Maybe the Focus Problem is a Collaboration Problem
Gervais Tompkin in Consulting, Consulting, San Francisco, Workplace Design

In order to enable focus at the office, meetings need to be run in a more effective manner. Image © Gensler

Every week it seems a new article hits newsstands condemning the open office, a system supposedly designed for extroverts which allegedly squanders the potential of introverts. We can all identify with this feeling: the sense that our individual work is under siege by distractions. That’s because it often is. But articles about this subject tend to have a sense of fatality or nostalgia, as if business operations and the economy have condemned us to suffer this loss of focus along with other emotional indignities. That feeling of fatality has been bothering me.

Maybe we are looking at this problem backwards.

About a year ago I started contributing to a research project that involved talking with individuals whose job required them to work through incredibly complex problems, problems that needed one smart person’s sustained attention. We learned that each person has their own unique cognitive style and therefore the ideal conditions for focus vary. This makes sense; some people are impatient thinkers, others fragile focusers, etc. Each person also had strategies that mitigated distraction.

The surprising finding for us? Those we talked to agreed the main focus killer was not ambient distraction (our original hypothesis) but tangible interruptions to their work in the form of emails, meetings, coworkers and informal collaboration. This was as true for workers in private offices as those in open plan seating. Employees felt it was impossible to protect against these interruptions because they came in the form of team meetings or a culture where everyone was expected to be accessible to everyone else.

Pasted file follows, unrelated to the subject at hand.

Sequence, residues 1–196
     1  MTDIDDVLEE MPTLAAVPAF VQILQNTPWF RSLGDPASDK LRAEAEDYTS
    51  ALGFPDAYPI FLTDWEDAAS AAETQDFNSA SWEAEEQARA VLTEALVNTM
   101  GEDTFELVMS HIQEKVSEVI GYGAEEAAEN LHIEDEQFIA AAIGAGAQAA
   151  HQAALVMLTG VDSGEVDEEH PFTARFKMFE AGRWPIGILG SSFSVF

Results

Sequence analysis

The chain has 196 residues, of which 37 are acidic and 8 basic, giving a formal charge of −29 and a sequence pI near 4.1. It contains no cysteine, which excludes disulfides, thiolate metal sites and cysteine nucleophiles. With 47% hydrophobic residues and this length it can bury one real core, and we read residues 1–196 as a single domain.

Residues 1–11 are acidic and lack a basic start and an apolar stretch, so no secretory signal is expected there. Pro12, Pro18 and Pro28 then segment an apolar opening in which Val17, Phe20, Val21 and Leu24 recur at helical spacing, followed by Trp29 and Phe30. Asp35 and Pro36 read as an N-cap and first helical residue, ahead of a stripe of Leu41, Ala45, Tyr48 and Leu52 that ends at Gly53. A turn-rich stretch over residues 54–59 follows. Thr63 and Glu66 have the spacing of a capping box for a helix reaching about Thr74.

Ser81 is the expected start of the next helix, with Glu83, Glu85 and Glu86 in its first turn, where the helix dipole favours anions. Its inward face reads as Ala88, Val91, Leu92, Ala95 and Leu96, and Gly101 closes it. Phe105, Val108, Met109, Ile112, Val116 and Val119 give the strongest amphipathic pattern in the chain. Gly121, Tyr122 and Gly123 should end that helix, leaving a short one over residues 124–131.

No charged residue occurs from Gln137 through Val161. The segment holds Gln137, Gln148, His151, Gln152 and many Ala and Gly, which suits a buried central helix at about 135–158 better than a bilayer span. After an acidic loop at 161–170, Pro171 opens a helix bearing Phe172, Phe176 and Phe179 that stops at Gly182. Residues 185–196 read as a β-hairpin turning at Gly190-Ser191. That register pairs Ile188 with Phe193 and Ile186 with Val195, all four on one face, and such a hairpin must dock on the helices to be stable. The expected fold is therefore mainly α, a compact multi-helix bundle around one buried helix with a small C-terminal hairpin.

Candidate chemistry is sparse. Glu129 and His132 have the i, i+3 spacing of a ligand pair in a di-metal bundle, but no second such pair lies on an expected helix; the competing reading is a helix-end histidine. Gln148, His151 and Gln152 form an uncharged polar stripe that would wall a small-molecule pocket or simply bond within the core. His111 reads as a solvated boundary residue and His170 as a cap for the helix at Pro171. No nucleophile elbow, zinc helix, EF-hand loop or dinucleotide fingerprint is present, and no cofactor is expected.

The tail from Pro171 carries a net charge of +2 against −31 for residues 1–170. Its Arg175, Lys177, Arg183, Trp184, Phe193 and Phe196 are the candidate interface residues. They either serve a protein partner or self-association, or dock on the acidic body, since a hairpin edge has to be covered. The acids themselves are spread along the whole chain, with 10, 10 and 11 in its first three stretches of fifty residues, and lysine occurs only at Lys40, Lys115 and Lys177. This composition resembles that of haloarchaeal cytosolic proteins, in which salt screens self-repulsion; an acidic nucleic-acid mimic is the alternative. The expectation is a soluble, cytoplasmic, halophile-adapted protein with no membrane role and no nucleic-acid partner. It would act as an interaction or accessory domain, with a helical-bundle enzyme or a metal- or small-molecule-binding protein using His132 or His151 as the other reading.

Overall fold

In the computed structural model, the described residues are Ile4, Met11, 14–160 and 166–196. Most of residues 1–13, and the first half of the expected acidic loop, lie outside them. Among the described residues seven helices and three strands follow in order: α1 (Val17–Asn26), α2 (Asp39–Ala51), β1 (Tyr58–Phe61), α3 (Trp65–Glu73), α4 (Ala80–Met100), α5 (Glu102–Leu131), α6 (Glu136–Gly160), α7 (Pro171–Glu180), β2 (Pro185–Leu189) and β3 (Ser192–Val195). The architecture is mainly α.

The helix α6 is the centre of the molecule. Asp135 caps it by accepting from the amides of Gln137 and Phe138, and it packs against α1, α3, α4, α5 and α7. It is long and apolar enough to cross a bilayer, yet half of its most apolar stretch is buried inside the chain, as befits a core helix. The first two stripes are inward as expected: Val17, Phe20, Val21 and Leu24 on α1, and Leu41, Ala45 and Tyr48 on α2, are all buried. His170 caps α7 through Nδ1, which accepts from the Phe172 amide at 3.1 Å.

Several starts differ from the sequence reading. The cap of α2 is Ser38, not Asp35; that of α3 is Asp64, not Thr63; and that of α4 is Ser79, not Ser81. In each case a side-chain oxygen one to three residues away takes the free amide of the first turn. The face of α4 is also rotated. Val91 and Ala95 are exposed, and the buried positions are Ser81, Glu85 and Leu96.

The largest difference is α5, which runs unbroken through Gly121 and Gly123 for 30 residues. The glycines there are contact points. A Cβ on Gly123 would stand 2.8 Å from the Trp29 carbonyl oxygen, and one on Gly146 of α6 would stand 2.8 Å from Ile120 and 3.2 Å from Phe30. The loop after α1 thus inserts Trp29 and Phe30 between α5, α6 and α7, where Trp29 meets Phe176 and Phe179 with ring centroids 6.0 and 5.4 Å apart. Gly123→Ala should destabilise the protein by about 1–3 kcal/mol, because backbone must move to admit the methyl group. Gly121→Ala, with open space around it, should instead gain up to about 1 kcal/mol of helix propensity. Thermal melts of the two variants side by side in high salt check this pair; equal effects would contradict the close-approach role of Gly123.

Sloppy, undisciplined, collaboration and communication are eating focus work for lunch.

Our obsession with communication and collaboration over the last 20 or so years was merited given the increase in globally distributed companies and enabling technologies coupled with the advantages of group work processes. It is likely, however, that these benefits have lulled us into a culture where more collaboration feels better to leaders and managers. More, though, is not always better. With so much attention being paid to the average worker’s inability to focus, we should also be talking about making collaboration and communication more effective and efficient. Agile and lean processes purport to help solve this problem, but unfortunately most meetings don’t accomplish tangible collaborative goals, and unresolved issues spill out into workspace, generating a day of interruptions and distracting chatter.

So the issue is not just the time we are spending in ineffective meetings (which is significant) but these sloppy communication and collaboration vehicles are dumping a load of distraction on top of the scarce time we have left to focus. The objective is not to eliminate the advantages of impromptu collaboration and accessibility but to clean up our collaborative act.

The design industry has also been enabling collabortiv-oholism. Meeting rooms are largely shaped and furnished in a format that encourages reporting. Open meeting spaces consistently are one of the most underutilized and vilified space types out there, but somehow they keep showing up on plans. We create rooms intended for focus, and these rooms get overrun by people doing phone calls. A better understanding of how to balance collaboration and focus will change the way we design, and hopefully it will build more optimism that we can once again reclaim time to have our own thoughts and to do our own work.

I am looking for examples of hyper-effective meeting and collaboration practices. If you have any suggestions please send. One of the best books I have read on the subject is Moments of Impact by Chris Ertel and Lisa Kay Solomon. I love their point that traditional, tactical meeting habits can mow down important moments. Hopefully we can find ways to structure our meetings and our spaces to achieve truly impactful outcomes that foster effective collaboration and don’t distract people trying to have a moment to themselves.

Gervais Tompkin
Gervais Tompkin chooses to be optimistic. He thrives on collaborations with others and is more likely to diagram it than talk about it. His practice as a leader of Gensler’s consulting practice allows him to work with interesting people on worthy problems globally. Contact him at
Article originally appeared on architecture and design (
See website for complete article licensing information.